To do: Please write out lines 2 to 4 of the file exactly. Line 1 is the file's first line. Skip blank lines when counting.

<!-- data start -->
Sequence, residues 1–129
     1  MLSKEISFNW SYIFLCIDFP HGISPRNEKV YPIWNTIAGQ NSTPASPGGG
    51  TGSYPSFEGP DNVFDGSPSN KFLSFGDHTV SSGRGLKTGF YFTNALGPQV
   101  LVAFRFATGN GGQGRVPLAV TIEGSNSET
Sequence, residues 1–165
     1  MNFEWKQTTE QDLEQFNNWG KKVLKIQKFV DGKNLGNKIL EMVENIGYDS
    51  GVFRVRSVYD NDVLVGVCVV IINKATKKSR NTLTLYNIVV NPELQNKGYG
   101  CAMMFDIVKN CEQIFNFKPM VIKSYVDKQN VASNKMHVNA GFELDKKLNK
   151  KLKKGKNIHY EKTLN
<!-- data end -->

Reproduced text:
     1  MLSKEISFNW SYIFLCIDFP HGISPRNEKV YPIWNTIAGQ NSTPASPGGG
    51  TGSYPSFEGP DNVFDGSPSN KFLSFGDHTV SSGRGLKTGF YFTNALGPQV
   101  LVAFRFATGN GGQGRVPLAV TIEGSNSET